Vector and raster images in contrast to "bitmap" or "raster" images, a vector based picture consists not of single pixels, but of "objects". These objects may be modified in size, shape, color, and position - at any given time and without the loss of quality. That's what makes vector graphics so special. In other words: there is no "resolution" in vector art designs. Any image may be rendered as large as the intended application requires it. As a result, vector graphics have recently become quite popular in modern, responsive web designs.
The most common proprietary vector formats are AI (Adobe Illustrator) and CDR (CorelDRAW). Opposed to these, the W3C (World Wide Web Consortium) has created and developed a new, open standard called SVG (Scalable Vector Graphics).
A raster graphic is an image made of hundreds (or thousands or millions) of tiny squares of color information, referred to as either pixels or dots. (Technically pixels refer to color blocks viewed on an electronic monitor where as dots refer to the ink dots on a printed piece. But even professional designers, myself indluced, often use these two terms interchangeably.)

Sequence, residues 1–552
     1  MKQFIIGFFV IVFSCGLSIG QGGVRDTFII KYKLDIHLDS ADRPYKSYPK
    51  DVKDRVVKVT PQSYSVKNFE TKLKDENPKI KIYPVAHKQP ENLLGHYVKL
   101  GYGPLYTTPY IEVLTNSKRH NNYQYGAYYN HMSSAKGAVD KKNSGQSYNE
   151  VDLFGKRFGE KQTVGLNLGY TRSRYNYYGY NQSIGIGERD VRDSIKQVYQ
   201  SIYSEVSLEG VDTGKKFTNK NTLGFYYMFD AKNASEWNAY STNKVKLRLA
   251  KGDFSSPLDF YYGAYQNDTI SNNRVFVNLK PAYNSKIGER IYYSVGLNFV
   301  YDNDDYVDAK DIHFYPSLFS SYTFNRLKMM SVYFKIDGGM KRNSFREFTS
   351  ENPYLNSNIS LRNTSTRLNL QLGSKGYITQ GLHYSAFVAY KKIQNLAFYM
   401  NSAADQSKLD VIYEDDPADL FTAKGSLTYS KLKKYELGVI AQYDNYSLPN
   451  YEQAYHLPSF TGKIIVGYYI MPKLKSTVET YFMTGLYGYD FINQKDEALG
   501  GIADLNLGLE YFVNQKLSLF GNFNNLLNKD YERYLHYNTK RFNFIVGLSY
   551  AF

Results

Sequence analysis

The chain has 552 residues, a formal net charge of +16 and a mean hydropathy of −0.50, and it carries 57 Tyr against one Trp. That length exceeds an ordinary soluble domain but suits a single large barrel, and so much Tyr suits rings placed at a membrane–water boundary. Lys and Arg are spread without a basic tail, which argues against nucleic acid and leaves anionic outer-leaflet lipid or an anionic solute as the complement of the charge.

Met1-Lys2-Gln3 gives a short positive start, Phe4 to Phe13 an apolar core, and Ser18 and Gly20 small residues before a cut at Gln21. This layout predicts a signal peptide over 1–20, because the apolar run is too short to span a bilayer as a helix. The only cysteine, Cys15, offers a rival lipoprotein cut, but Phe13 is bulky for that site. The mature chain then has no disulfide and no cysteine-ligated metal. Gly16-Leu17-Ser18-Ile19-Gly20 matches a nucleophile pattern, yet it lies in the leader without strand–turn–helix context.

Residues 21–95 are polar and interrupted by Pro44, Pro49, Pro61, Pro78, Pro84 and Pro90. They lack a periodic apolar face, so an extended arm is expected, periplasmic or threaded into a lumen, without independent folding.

The most common type of raster graphic? A photograph. The designer’s preferred program for creating and editing raster files? You guessed it: Adobe Photoshop.
Popular raster file format extensions include: jpg/jpeg, psd, png, tiff, bmp and gif.
Encapsulated PostScript file (EPS) / Adobe Illustrator file (AI). EPS language file format can contain both vector and bitmap graphics. If the image has been created using paths in a program such as Adobe Illustrator or Macromedia Freehand, it is a resolution-independent vector image and can be scaled to any size without losing quality. Whenever possible, it is best to supply graphics as vector images. However, if the image has been created using a paint program such as Adobe Photoshop, or if it is a scanned photograph, it is a bitmap image and is resolution-dependent. In this case the image must be supplied high-resolution - at a minimum of 300 DPI (dots per square inch), actual size. This means that the original file must be at least 300 DPI from the outset. Scaling up a lower resolution file will result in a loss of quality. All bitmap images must be provided in either 'grayscale' or 'CMYK' (Cyan Magenta Yellow Keyline) colour formats.